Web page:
On a Saint Nicholas’ Eve long, long ago, my friend Rob and I were chased by a stick-wielding monster through the snowy streets of Salzburg, Austria. It was Krampus, a furry, horned, long-tongued devil who accompanies Saint Nicholas in Alpine regions.
In many European countries, children receive their presents on Saint Nicholas’ Day, Dec. 6. While Saint Nick delivers toys to the good, little boys and girls the night before his feast day, Krampus threatens the children who misbehave with his stick and leaves coal behind. If Krampus finds an especially bad child, he tosses him or her in his sack and takes him or her back to his lair for a long winter’s snack.
In Salzburg and other alpine cities and towns, young men dress up as Krampus and run through the streets, chasing any children they find. Sometimes, the young men get a little carried away and chase adults, too.
The next morning, after surviving our scare, Rob and I took the train through a wondrous alpine snowscape to the city of Graz to visit Rob’s father’s Uncle Rudy and his family. We were welcomed into their Saint Nicholas’ Day celebration with open arms and heaps of schnitzel, strudel and schnapps.
Uncle Rudy’s house, like most in Austria, had a bar in the basement. We drank many toasts, sang along while Cousin Norbert played guitar and drank
By Matthew Wilemski
It was one of those happy holiday
nights I will never forget.
Since that December, when I was studying abroad in Europe, I have taken notice of how different people and places celebrate Christmas. While Seattle doesn’t have any monsters roaming its streets this month (at least none accompanied by Saint Nicholas), it does have its share of unique holiday traditions.
For a little taste of what I experienced in Austria, Seattleites could head up to Leavenworth, the well-known Bavarian tourist village that advertises itself as the “ultimate holiday town.” Of course, a trip to any of the nearby mountains would put anyone in the Christmas spirit.
For those who don’t like to experience snow outdoors, Pacific Place downtown has indoor snow every day at 6 p. m. in its atrium. Nordstrom builds a cottage for Santa Claus every year next to its downtown store at Sixth Avenue and Pine Street.
There’s also the holiday carousel at Westlake Center, Winterfest at Seattle Center, the lights atop the Space Needle and the nearby TV tower on Queen Anne Hill and, Seattle’s most famous Christmas tradition, the Argosy Christmas Ships, celebrated on ship or from shore.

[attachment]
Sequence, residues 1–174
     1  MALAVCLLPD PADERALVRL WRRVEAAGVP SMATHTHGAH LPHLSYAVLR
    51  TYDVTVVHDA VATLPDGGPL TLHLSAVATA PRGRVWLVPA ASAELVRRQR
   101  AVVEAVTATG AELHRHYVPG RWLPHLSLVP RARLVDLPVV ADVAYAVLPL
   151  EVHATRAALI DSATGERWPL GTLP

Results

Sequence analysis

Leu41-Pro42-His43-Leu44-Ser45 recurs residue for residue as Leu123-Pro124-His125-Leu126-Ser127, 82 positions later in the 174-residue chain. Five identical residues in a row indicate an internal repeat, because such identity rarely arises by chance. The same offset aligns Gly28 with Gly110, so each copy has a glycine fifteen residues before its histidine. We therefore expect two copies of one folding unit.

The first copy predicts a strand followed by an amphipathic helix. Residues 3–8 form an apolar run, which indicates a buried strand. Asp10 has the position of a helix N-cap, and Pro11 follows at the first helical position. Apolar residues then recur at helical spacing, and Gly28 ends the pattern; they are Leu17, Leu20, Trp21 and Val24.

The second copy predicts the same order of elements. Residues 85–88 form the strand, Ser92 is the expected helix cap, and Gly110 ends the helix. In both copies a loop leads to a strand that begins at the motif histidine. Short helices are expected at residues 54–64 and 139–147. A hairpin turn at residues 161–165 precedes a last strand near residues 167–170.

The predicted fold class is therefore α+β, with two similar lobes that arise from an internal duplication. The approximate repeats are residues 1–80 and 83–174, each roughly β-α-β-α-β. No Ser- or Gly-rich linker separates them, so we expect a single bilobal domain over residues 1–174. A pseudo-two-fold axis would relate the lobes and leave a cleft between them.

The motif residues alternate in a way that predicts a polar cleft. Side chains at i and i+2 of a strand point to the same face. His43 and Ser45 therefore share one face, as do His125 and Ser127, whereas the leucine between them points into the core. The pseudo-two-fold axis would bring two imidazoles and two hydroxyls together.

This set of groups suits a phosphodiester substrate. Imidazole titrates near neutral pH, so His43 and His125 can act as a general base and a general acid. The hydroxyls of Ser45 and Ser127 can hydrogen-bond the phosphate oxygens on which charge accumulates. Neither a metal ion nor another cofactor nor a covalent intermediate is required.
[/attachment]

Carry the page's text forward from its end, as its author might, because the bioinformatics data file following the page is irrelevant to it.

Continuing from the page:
Some Seattleites prefer their annual Christmas traditions to occur indoors, specifically in a theater: “The Nutcracker” at McCaw Hall, “A Christmas Carol” at the ACT Theatre, “Black Nativity” at the Moore Theatre, “A Child’s Christmas in Wales” at the Stone Soup Theater and, for those who prefer nontraditional holiday shows with lots of makeup, the “Dina Martina Christmas Show” at Re-bar.
Seattle’s best Christmas traditions occur in its individual neighborhoods. The small-town feeling of some — like Wallingford, Magnolia and Madison Park — is really pronounced this time of year, with tree lightings, visits from Santa Claus and church and school concerts and bazaars.
Gatherings at favorite neighborhood restaurants, café’s, bars and residences all add to the Christmas cheer, as well as the innumerable light displays on every street of our city.
I’m sure most of Seattle’s important Christmas traditions occur within its homes. As for my Christmas home, I travel back to Connecticut, where I grew up, and stay with my mother. This year, when I wake up on Dec. 25, it will be my 40th consecutive Christmas morning waking up in the same house.
Later, my mother, sister and I will head to a church a couple of blocks away, where Wilemskis have been sitting in the pews every Christmas since the 1930s.
But it is my family’s Christmas food traditions that bring back the most memories. Whenever I smell celery and onions sautéing, it reminds me of my father making stuffing on Christmas Eve. My sister’s butterball cookies taste just like the ones our grandmother made for decades. I’ve never had a slice of apple pie as good as the one my mother makes for Christmas dessert.
Sadly, a more recent family tradition has been a trip to a cemetery the last nine years to visit my father’s grave. My mother, sister and I usually stop there on the way to my brother’s boisterous house for dinner.
There’s nothing quieter than a cemetery on Christmas day: footfalls on hard snow, the creaking of bare tree limbs, a honk from a passing goose.
It is here, away from all the hustle and bustle of our modern Christmas, that you can contemplate the ancient traditions of the yuletide season: to remember loved ones, to appreciate blessings and to celebrate life in all its infinite mystery.
MATTHEW WILEMSKI is an award-winning columnist. To comment on this column, write to CityLivingEditor@ nwlink.com.